Toshiba is no stranger to smaller-screen projection TVs - in addition to its 46-inch models, the company offers a 42-inch set. But extra inches count for a lot with HDTV, so spending a bit more for the 46H83 makes sense in my book. A tabletop model that needs to be placed on a low table or cabinet, the Toshiba has a clean look with a dark-gray cabinet and black-mesh bottom section. A flip-up door below the screen hides control buttons and a front A/V input. Even though the Toshiba is the slimmest set of the three by an inch and a half, there's still plenty of room on the cabinet's top surface for a center speaker.
Video hookup options include two sets of wideband component-video inputs and a copy-protected DVI jack. All of these accept standard 480i/480p and both 720p and 1080i HDTV signals, so you won't have to mess around with output formats on your HDTV tuner/receiver.
Toshiba's remote control has a fully backlit keypad with large, clearly labeled buttons. This is one remote you won't have trouble using in a dark room! To switch inputs, you press the TV/Video button, and a menu appears onscreen that lets you key in the number of the input you're looking for - a quick, two-step process. You use a similar method to select from the set's five display modes, which include 4:3, 16:9, and three Theater Wide settings that either stretch or zoom in on the picture to fill the screen with standard-format programs.
Press the TouchFocus button on the Toshiba's front panel, and it automatically converges its three tubes, but you'll get better results by going straight to the nine-point manual convergence control. The set has three picture presets plus a Preference setting that can store your picture adjustments for each of the TV's inputs. Looking through the manual, I couldn't find a way to manually defeat the TV's scan-velocity modulation processing, but I got around this by selecting the Movie picture preset, which turns off SVM (the set will automatically default to the Preference setting the next time you next make picture adjustments, but SVM remains off).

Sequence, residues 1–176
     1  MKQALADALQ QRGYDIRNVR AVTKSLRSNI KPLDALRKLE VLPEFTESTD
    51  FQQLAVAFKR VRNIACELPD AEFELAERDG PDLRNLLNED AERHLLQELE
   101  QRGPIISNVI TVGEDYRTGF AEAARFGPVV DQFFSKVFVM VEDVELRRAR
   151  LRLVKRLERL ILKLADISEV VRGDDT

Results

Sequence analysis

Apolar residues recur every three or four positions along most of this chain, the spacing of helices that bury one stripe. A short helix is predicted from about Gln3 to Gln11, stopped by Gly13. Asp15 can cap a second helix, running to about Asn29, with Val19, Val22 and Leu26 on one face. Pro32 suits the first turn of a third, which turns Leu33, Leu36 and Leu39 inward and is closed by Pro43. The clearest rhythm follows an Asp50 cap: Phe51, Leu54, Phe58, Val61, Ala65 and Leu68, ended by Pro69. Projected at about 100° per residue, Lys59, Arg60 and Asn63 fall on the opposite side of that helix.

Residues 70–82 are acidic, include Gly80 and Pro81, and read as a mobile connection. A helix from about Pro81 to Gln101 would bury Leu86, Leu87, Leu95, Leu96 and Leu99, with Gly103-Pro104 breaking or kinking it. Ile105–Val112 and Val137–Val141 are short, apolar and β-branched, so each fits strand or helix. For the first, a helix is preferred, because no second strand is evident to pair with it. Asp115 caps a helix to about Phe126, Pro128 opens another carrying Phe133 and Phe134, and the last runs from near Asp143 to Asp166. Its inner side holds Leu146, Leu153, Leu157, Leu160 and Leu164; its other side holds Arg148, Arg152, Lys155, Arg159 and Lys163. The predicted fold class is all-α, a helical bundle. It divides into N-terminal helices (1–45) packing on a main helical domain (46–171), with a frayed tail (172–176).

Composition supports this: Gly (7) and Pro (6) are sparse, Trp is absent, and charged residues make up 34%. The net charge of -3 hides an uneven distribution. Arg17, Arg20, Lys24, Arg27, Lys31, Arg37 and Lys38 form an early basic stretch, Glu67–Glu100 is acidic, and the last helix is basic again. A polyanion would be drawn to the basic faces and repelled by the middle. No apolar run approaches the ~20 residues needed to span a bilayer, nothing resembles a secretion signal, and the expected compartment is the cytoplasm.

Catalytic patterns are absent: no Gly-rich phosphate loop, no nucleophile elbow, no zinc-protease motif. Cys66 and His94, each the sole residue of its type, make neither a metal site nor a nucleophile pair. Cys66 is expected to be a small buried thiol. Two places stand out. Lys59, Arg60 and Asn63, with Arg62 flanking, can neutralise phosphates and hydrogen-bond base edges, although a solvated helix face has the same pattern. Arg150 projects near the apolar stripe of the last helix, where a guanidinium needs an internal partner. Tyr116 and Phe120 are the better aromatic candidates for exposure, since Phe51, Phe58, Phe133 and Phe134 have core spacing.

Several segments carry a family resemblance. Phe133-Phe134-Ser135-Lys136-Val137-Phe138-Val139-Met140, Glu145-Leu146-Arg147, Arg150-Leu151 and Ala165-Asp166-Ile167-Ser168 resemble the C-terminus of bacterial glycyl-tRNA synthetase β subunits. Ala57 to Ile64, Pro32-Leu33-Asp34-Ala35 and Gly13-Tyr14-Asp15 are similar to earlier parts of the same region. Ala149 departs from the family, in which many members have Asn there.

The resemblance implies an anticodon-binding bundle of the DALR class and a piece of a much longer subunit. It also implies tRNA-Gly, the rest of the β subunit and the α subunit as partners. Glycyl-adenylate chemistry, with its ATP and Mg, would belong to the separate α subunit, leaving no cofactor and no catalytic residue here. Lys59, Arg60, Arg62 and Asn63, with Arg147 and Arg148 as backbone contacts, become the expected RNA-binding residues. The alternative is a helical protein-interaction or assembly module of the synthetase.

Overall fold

DIMENSIONS (WxHxD) 43 3/8 x 40 1/2 x 21 7/8 inches
WEIGHT 143 pounds
MANUFACTURER Toshiba America, Dept. S&V, 82 Totowa Rd., Wayne, NJ 07470; www.tacp.toshiba .com; 800-631-3811
After selecting the Toshiba's Warm color-temperature setting, I made minor service-menu tweaks - the set's grayscale wasn't very far off from the 6,500-K NTSC standard, but it still benefited from some adjustment. Then I gave Resident Evil a spin. In the bathroom scene, Alice's blue/green eyes looked remarkably vivid, and her pale skin showed a wide range of subtle purplish shades where it had been bruised. And in a closeup of a handwritten note, the letters looked solid, with no breakup of the finely inked lines. The only thing that bugged me was a bit of color noise in Alice's red dress when she walked out into the hall. Interestingly, the noise all but disappeared when I watched the scene with V Inc.'s DVI-equipped Bravo D1 DVD player hooked up to the TV's DVI connector.
The Toshiba's solid performance carried over to HDTV as well. During Monday Night Football, the colors of the player's uniforms looked vibrant, and the picture had good shadow detail and punchy contrast. In closeups I could clearly see fine points like dirt and scrapes on Niners' safety Tony Parrish's skin. When I skipped back to the high-def cooking show during a commercial, the picture held up equally well in shots of heirloom tomatoes, which displayed a seemingly infinite variety of rich red, yellow, and orange hues. Another plus for the Toshiba was its uniform brightness over a wide viewing angle - I had to move way off to one end of the couch before I detected any falloff in the picture brightness.
Toshiba's 46H83 offers many of the benefits you'll find in the company's more expensive HDTVs, including an attractive design, excellent color rendition, and a wide range of video connection options. And its picture looks good right out of the box without a lot of fussy tweaking, although a few careful adjustments will make it look even better. So if a low-priced HDTV is high on your wish list, Toshiba's budget big screen is worth serious consideration.
Once a rich person's plaything, rear-projection HDTVs today are finally priced so many people can afford them. Not every program on TV is in high-definition, but the list is constantly growing. So if you're waiting on the sidelines until absolutely everything gets produced in high-def - including weight-loss infomercials, Flipper reruns, and those freaky shows on your local community-access channel - I can tell you that you're missing out. It doesn't matter if you like to watch movies, sports, or cooking shows - they'll all look great on a widescreen HDTV.
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